Is Google a good corporate citizen?First, we want to congratulate Human Relations Commissioner Ken Rosenberg for organizing the first of several "civility roundtable" discussions at the Senior Center. The first one last week focused on corporate responsibility and included John Igoe, Google's director of real estate.
The advertised goal of the meeting was to show "that we can disagree but we don't have to be disagreeable." Other participants included elementary school board member Steve Olsen, public affairs manager for Sutter Health Cynthia Greaves, Meyer Appliance owner Rick Meyer and local businessman Jack Perkins and an audience of about 50. Chris Block, CEO of the American Leadership Forum-Silicon Valley, moderated the roundtable.
Google's agreement to participate in the event was no small feat, given that the company rarely takes part in such open and public discussions.
Although Igoe was very forthcoming in his belief that Google is more than willing to do its share, there was no agreement on any concrete objectives for the company to offer more of its financial and other resources to the community.
The company already provides free Wi-Fi service in the downtown area, donated $1 million to the city's schools and provided a high-tech bookmobile for the library. And there have been other, more modest offers of assistance from Google over the roughly 10 years the company has made its headquarters in Mountain View.
Google's current employee count is not made available to the public, but the company probably occupies more than half of all the office space in the Bayshore area, and just last week firmed up a deal to pay $100 million to buy a campus that could hold 960 workers across the street from its main headquarters. This purchase of the 240,000-square-foot "Landmark at Shoreline" campus makes Google's footprint in North Bayshore even more staggering. The company appears to own or lease well over half of the city's large office buildings north of Highway 101, and all but a few of the large office buildings between Shoreline Boulevard and Garcia Avenue.
And through its leases of city-owned Bayshore property, Google provides several million dollars a year to the city, and pays a hefty amount of property tax on many other properties. And the company's corporate jet fleet is housed at Moffett Field, for which Google pays more than $1 million a year. Also, the company is planning to build 1.2 million square feet of new office space at Moffett, which will complement NASA's effort to develop a high-tech center on the property.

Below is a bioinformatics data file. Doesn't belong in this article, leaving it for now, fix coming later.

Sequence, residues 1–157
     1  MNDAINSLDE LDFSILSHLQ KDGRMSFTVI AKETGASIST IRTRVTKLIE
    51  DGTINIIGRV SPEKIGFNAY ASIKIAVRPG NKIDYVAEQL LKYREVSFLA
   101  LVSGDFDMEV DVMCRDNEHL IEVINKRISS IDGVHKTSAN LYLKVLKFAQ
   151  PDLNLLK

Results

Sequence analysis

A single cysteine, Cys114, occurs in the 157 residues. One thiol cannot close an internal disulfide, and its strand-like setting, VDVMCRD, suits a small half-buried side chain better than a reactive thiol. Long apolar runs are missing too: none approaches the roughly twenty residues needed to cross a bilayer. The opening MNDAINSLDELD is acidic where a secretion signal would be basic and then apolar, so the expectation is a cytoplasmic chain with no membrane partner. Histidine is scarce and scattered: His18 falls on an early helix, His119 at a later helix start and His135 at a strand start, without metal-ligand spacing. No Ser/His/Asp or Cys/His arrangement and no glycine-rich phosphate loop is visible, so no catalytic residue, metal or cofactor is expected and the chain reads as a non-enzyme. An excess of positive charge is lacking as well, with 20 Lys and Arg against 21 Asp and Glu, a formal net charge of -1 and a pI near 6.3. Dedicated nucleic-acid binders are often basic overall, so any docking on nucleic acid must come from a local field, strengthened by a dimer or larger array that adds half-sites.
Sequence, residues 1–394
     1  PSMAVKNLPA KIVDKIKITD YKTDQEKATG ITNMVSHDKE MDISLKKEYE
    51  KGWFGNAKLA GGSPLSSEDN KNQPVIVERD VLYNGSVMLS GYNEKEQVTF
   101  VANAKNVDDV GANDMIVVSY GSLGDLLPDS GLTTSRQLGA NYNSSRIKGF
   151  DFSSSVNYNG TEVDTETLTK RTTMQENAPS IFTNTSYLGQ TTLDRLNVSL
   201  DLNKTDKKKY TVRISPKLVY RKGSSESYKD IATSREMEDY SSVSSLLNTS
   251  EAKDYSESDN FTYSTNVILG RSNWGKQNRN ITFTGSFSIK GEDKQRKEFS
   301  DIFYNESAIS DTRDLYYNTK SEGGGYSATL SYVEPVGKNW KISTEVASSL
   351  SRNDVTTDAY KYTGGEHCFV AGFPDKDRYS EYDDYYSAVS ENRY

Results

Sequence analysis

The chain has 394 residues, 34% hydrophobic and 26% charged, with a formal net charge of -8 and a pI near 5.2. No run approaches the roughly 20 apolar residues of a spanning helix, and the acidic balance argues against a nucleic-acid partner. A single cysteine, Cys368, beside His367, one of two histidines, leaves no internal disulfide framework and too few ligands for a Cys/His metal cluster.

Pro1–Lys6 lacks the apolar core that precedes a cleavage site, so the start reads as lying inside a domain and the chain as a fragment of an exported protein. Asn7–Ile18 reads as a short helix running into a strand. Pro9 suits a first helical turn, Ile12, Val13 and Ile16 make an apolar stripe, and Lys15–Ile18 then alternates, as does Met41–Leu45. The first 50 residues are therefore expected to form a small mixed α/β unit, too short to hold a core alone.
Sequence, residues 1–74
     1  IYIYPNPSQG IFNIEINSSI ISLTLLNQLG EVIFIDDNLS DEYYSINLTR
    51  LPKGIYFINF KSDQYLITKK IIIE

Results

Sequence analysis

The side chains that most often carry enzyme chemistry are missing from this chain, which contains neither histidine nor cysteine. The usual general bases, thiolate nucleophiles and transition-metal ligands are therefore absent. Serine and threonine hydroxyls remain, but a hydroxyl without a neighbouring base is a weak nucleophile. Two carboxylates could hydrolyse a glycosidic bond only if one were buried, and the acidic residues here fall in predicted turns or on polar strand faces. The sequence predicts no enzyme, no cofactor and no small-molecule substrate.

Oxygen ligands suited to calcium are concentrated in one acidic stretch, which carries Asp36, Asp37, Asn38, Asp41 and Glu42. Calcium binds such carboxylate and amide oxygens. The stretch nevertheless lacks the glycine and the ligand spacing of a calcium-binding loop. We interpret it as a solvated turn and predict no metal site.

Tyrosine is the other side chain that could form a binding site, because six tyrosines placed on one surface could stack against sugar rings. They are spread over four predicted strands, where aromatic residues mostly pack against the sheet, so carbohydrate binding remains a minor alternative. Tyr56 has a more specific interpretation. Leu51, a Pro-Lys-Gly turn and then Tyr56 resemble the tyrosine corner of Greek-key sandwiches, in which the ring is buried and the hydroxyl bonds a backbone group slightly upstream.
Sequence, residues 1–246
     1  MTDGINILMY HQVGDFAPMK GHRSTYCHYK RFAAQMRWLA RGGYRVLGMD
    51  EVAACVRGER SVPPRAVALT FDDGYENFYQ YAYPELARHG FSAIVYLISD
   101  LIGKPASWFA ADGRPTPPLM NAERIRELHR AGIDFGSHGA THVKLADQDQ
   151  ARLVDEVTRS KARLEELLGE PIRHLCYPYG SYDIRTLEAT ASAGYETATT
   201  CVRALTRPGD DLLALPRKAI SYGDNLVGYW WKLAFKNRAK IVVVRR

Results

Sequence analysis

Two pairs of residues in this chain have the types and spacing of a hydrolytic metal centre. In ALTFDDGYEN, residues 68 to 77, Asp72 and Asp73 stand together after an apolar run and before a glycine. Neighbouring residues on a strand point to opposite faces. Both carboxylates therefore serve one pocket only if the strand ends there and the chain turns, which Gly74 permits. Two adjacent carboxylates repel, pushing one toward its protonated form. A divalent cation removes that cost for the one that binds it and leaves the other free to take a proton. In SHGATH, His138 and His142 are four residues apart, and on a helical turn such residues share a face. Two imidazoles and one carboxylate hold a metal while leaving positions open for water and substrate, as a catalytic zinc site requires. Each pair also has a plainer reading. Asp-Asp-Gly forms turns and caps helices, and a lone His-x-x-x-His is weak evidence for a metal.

Certainly, when a company as large and as profitable as Google has such an overwhelming presence in a community this size, some residents would like to see more initiatives coming from company headquarters. There is much that could be done, including more involvement with local nonprofit groups who are dealing with the less fortunate residents of Mountain View.
The good news for local leaders was Igoe's declaration that the corporation "can be a citizen," and that "more and more (its leaders) realize that they have a responsibility to the community."
Google appears firmly committed to making its permanent home in Mountain View and during its current growth spurt has virtually locked up every available square foot of office space throughout the city.
But given its size and resources, it is time for Google to step up its involvement in the local community. Participation would not necessarily have to involve money. Its employees could be dispatched to help with public service projects, either with hands-on labor or technical support. Google has thousands of talented workers who could make significant contributions to local institutions. At this point, the city may be too shy to suggest what is needed, but there is certainly no harm in trying.